Family members are offering a $1,000 reward for information leading to an arrest.

Cpl. John Wachter, a spokesman for county police, said someone entered the apartment in the unit block of Fallridge Court on Sept. 6 and set fire to something on the stove.

Wachter said “offensive writing on the wall” led police to classify the incident as a possible bias crime. It wasn’t reported what was exactly written, but it included reference to ISIS.

CAIR said the graffiti had been scrawled before the fire was set, during a series of break-ins that began Aug. 20.

After the Muslim woman contacted police on numerous occasions following a series of break-ins, they told her “there’s nothing we can do” and suggested she install security camera.  Her children are only ages 9 and 12.

They have since moved in with family in Bel Air because the woman was too afraid to stay at the apartment in Windsor Mill.

“She’s been pretty traumatized by this whole incident,” said Zainab Chaudry, Maryland outreach manager for CAIR., adding that the family believes the perpetrator is someone with access to the apartment .

Authorities also suspect that the culprits of the crime may be residents of the apartment complex, as someone would need to have a code to enter the building.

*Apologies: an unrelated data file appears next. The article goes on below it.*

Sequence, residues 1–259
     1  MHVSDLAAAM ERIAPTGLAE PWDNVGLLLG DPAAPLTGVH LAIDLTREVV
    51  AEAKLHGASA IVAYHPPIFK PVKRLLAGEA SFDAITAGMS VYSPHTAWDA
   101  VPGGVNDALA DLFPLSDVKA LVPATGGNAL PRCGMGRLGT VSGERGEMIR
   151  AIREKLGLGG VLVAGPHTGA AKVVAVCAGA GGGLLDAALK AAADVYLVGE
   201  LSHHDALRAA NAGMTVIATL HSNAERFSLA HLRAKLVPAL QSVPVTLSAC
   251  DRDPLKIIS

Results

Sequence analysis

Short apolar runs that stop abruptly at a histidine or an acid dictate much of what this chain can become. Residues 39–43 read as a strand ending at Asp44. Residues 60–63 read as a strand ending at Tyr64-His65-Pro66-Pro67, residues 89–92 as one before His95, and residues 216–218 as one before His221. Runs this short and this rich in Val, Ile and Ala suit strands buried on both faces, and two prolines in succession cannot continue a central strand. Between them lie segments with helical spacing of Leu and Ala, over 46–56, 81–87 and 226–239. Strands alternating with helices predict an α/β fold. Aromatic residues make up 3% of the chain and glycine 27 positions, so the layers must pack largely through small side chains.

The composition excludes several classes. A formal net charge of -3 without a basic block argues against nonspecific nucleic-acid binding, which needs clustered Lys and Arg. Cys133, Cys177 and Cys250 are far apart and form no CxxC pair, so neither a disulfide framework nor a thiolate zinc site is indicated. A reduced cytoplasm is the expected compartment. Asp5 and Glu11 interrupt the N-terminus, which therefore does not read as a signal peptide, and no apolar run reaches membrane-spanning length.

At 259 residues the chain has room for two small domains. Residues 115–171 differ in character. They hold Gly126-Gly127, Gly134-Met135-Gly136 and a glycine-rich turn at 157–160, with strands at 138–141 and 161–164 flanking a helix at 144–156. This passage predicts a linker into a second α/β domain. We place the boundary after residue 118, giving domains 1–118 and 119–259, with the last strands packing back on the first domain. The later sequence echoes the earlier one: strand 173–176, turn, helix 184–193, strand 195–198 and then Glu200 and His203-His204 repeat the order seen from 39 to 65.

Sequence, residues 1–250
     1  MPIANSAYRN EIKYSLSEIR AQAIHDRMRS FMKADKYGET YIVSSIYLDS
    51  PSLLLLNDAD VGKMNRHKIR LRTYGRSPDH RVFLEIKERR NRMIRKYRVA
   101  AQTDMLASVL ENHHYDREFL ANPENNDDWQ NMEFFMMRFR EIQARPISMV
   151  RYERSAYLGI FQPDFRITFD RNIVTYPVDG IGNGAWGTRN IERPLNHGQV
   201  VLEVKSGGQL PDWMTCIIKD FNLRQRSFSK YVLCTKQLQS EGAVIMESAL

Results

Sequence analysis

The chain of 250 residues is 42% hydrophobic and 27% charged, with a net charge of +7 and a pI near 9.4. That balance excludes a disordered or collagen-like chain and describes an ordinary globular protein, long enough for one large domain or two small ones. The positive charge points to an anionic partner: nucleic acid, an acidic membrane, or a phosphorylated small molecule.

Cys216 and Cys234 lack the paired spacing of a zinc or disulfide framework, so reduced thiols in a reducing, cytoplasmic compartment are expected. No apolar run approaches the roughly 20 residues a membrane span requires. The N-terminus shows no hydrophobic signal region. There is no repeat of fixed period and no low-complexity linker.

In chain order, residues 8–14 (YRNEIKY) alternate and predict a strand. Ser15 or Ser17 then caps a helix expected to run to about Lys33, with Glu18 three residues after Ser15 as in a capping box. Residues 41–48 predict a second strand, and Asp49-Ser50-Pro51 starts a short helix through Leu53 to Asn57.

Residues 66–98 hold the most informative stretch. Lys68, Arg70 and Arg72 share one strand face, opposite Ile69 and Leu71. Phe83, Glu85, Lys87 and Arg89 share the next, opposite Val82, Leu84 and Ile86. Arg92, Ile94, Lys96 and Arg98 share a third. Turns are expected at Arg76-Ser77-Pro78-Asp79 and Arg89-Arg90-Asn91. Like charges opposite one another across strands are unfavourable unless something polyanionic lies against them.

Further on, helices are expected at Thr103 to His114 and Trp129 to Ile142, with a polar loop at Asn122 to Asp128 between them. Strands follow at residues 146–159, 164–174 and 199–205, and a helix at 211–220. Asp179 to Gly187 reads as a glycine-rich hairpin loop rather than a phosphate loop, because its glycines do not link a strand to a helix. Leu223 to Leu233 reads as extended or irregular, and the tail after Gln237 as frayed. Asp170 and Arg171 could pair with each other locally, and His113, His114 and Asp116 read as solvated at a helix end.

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From tin sheds to temples: the past, present and potential of the Australian mosque

The Guardian World news: Islam - 22 September, 2016 - 22:18

Mosques have crucial roles to play in overcoming fears about Islam and supporting progressive values within the faith

I presented a slide of an Afghan cameleer’s mosque to a conference of art historians last year, noting that this was Australia’s most distinctive contribution to Islamic architecture. Some of them laughed.

It was, after all, little more than a corrugated iron shed, stained and dented, a humble outback structure that serves its purpose and makes no claims to magnificence. Our “Afghan” mosques – made by skilled cameleers and traders from Afghanistan and beyond – are unique to Australia and they are remarkable. But should these 19th and early 20th-century regional buildings define our concept of a typically Australian mosque today?

Related: Bendigo mosque: high court throws out request to hear appeal